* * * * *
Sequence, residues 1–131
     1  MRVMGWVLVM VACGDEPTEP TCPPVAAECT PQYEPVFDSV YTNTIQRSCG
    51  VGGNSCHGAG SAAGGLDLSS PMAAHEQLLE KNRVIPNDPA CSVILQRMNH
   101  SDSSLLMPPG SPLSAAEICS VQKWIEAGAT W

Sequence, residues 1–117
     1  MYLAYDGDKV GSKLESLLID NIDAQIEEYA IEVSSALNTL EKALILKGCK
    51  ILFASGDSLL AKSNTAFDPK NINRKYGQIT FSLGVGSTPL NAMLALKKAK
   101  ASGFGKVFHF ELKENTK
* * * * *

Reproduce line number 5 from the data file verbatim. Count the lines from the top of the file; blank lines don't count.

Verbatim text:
Sequence, residues 1–117